Okay, I write this post with a bit of trepidation, simply because I have found that many friends read my posts with some kind of glasses on seeing only what they want or expect to see. And if depression and anxiety and such are hot-button topics for you, and you read this way, you'll come away mad at me. So here's my request: please actually read my words, all of them, before you react.
I just read an article titled “4 Myths Christians Need to Stop Believing About Depression.” And I got a little annoyed. Here are the author's four myths:
- Depression is a faith issue.
- Depression can be prayed away.
- Depression isn't physical.
- Depression shouldn't be talked about.
So, here's the thing. The last one is absolutely a myth that should be done away with. The other three . . . maybe not so much.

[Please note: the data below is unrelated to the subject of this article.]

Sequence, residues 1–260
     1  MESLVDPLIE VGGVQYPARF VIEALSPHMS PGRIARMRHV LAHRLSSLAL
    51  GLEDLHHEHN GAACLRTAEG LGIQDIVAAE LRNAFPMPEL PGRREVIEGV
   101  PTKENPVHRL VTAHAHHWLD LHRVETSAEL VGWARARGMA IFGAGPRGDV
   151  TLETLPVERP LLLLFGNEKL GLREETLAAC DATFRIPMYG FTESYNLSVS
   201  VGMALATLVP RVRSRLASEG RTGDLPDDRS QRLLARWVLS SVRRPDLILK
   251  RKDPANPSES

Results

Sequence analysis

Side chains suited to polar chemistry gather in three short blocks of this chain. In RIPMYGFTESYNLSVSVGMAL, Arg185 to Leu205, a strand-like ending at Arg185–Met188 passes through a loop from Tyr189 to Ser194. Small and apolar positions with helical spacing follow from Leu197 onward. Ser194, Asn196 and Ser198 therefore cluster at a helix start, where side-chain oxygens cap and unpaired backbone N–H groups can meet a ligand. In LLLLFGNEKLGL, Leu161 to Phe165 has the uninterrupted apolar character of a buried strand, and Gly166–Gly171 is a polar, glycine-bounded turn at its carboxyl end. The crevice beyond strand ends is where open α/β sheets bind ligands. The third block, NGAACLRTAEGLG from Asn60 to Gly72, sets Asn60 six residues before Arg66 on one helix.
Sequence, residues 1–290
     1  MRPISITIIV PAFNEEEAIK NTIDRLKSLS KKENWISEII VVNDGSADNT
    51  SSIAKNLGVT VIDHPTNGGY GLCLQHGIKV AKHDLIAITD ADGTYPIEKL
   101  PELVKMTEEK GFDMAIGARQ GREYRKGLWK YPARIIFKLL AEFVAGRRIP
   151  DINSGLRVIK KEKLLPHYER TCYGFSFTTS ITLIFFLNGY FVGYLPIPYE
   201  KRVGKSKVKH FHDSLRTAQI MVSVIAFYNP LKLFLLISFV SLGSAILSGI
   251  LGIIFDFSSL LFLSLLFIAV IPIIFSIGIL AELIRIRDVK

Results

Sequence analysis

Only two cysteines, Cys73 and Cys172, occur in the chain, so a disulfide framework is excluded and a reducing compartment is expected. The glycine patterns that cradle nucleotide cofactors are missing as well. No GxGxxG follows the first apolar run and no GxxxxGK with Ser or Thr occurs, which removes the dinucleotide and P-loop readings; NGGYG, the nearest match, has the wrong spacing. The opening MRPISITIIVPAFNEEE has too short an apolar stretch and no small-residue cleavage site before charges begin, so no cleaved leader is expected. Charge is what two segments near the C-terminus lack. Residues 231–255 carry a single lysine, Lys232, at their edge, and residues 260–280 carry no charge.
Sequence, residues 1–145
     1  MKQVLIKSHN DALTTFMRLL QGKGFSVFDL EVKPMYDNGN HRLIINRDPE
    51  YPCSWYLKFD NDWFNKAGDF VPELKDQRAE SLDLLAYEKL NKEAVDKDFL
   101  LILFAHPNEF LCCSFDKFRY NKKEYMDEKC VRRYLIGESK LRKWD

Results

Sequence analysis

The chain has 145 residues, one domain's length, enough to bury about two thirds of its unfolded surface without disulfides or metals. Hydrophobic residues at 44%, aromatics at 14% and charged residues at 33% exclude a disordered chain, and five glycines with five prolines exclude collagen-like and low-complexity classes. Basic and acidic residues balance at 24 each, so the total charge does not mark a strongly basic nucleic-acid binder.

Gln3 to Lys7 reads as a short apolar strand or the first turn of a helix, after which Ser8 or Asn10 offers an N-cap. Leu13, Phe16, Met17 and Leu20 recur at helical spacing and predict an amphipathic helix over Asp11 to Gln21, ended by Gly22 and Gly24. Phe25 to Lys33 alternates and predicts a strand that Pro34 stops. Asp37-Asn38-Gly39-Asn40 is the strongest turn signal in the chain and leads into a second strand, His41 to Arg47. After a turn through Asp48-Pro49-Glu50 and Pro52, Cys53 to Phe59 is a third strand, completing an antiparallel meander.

The problem is that all emotional struggles (depression, anxiety, anger, etc.) are very complex. Our emotions are part of our “Soul,” the part of our Self that is the interaction of our spirit and our flesh. They are affected by both. They are not confined to one realm or the other.
So, is depression physical? I think it is always physical in that, in its essence, it is a physiological phenomenon. Our bodies physiologically slow down in order to process a loss perceived by our brain. But more often than not, its cause is not physical, and therefore its cure is not always physical.
Is depression a faith issue? Sometimes. Sometimes, our lack of faith causes us to perceive situations in our life as a loss or a threat, which triggers the physiological reaction leading to the feelings of depression, anxiety, or anger.
Can depression be prayed away? Sometimes. Depressive episodes are different in every person – and often different in even the same person at different times.